Journal of

Plant Biotechnology

Common priming techniques and the agents utilized in each case

Priming Concept Priming technique
Osmopriming/osmotic priming halopriming Immersion of the seeds in an osmotic solution of water with a low potential, rather than pure water.
Priming agents: Polyethylene glycol (PEG), mannitol, sorbitol, glycerol, and inorganic salts, such as sodium chloride (NaCl), potassium chloride (KCl), potassium nitrate (KNO3), potassium phosphate (K3PO4), and calcium chloride (CaCl2).
Solid matrix priming (SMP)/solid priming The seeds are mixed with a solid matrix (organic or inorganic) capable of adjusting the moisture content and controlling the uptake of water.
Priming agents: Vermiculite, peat moss, charcoal, sand, clay
Hormopriming The seeds are soaked in water with plant growth regulators and hormones, leading to an enhancement of seed germination.
Priming agents: Abscisic acid (ABA), auxins (AU), gibberellins (GAs), kinetin, ethylene, polyamines, and salicylic acid (SA).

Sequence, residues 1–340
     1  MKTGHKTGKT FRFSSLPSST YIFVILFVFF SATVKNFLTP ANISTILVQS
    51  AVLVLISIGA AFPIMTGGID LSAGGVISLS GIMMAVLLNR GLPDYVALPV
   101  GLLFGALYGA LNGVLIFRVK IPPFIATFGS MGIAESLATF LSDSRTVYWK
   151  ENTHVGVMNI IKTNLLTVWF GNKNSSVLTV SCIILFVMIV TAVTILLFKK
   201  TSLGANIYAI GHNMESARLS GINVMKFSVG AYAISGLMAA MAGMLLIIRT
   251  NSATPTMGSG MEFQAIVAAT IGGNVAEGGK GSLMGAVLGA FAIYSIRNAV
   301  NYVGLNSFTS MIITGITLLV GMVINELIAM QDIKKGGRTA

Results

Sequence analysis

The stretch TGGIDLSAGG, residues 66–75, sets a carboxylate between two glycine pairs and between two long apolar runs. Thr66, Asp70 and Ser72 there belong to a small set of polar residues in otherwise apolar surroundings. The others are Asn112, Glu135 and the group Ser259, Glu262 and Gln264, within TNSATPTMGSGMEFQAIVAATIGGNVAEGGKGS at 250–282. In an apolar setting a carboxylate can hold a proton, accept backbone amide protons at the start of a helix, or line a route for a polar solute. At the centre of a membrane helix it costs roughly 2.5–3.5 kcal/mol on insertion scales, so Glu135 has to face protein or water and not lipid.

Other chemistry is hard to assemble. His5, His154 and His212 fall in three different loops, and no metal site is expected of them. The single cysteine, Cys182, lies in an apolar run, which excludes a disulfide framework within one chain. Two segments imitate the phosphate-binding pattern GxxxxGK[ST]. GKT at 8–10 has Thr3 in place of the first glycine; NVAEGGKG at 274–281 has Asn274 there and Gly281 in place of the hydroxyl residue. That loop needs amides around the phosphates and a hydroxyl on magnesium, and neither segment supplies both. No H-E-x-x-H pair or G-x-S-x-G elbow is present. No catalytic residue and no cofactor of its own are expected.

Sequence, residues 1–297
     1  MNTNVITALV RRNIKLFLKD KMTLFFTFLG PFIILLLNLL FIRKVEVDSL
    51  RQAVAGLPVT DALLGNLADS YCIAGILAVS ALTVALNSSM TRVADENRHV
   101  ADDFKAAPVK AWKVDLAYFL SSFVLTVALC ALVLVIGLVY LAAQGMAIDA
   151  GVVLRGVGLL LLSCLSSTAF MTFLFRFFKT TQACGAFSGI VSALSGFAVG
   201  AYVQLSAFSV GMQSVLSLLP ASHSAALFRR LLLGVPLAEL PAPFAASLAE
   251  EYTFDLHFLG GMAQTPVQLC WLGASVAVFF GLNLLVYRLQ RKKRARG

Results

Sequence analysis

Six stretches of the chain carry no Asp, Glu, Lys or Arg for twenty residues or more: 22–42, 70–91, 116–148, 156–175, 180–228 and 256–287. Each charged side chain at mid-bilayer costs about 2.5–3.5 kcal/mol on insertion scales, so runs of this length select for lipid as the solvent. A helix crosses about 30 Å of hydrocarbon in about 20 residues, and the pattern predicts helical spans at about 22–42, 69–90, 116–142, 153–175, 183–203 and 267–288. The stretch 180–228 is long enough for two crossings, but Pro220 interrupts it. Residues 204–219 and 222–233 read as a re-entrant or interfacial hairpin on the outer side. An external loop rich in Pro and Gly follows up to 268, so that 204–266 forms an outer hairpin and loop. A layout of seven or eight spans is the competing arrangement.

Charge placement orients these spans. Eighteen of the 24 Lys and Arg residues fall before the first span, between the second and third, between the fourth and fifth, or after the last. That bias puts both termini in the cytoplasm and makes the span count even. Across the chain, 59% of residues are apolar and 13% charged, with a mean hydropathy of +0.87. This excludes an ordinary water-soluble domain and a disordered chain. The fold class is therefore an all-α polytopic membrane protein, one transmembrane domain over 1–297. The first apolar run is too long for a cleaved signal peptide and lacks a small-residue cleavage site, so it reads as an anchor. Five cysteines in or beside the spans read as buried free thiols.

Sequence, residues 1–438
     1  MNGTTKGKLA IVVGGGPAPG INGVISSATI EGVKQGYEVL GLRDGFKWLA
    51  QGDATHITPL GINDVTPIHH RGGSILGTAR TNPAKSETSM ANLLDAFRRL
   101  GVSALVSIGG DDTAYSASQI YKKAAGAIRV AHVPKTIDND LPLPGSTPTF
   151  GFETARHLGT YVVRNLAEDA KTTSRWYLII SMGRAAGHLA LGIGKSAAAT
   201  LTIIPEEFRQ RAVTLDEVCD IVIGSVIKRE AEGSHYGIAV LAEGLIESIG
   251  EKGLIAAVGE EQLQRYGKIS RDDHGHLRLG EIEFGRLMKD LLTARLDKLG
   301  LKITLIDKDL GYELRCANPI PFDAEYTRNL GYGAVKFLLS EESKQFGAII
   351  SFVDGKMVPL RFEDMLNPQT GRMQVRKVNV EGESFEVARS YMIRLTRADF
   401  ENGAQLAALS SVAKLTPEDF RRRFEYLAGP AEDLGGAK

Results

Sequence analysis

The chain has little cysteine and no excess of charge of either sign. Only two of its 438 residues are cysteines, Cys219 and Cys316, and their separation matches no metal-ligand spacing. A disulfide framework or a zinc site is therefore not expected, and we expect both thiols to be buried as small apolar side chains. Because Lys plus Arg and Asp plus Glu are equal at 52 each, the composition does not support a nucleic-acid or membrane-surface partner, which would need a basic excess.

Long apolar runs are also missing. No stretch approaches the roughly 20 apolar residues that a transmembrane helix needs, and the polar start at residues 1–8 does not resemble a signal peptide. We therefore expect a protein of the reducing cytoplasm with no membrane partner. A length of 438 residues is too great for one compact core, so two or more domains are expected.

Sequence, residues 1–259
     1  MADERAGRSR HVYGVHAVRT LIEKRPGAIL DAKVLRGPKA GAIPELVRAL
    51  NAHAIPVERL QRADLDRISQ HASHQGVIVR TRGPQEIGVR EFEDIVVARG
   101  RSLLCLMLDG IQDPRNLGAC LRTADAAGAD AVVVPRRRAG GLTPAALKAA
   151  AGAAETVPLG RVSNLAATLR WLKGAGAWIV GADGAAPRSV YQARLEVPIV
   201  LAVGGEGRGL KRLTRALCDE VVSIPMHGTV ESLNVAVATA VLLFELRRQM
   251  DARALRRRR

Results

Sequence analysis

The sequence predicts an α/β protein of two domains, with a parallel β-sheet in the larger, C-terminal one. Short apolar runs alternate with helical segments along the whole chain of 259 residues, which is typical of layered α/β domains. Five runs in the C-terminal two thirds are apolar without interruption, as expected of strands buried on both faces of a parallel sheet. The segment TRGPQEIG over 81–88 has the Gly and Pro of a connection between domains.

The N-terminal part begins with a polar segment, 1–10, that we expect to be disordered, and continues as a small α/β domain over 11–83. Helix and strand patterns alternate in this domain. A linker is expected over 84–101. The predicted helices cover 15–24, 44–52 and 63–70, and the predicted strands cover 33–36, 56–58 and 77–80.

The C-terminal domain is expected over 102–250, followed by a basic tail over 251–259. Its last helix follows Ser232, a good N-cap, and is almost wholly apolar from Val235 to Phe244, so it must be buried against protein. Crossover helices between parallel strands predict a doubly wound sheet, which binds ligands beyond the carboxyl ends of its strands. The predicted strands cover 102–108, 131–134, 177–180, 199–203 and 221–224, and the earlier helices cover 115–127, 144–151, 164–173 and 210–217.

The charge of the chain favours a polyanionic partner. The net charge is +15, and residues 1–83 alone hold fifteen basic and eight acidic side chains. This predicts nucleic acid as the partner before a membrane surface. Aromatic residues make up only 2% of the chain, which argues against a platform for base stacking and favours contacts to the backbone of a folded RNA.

Thermopriming Pre-sowing seeds at different temperatures is referred to as thermopriming.
Priming agent: Low temperatures or high temperatures.
Chemopriming The seeds are soaked in different chemical solutions.
Priming agents: Ascorbic acid, glutathione, tocopherol, melatonin, and proline, H2O2, sodium nitroprusside, urea, thiourea, mannose, chitosan, fungicides, etc.
Hydropriming/On-farm priming The seeds are soaked in sterilized distilled water and then re-dried using air to their original case.
Priming agent: Sterilized distilled water
Biopriming/biological seed treatment A combination of seed hydration by soaking; then, the seeds can be inoculated with beneficial microbes.
Priming agents: Beneficial microbes
J Plant Biotechnol 2022;49:107~117
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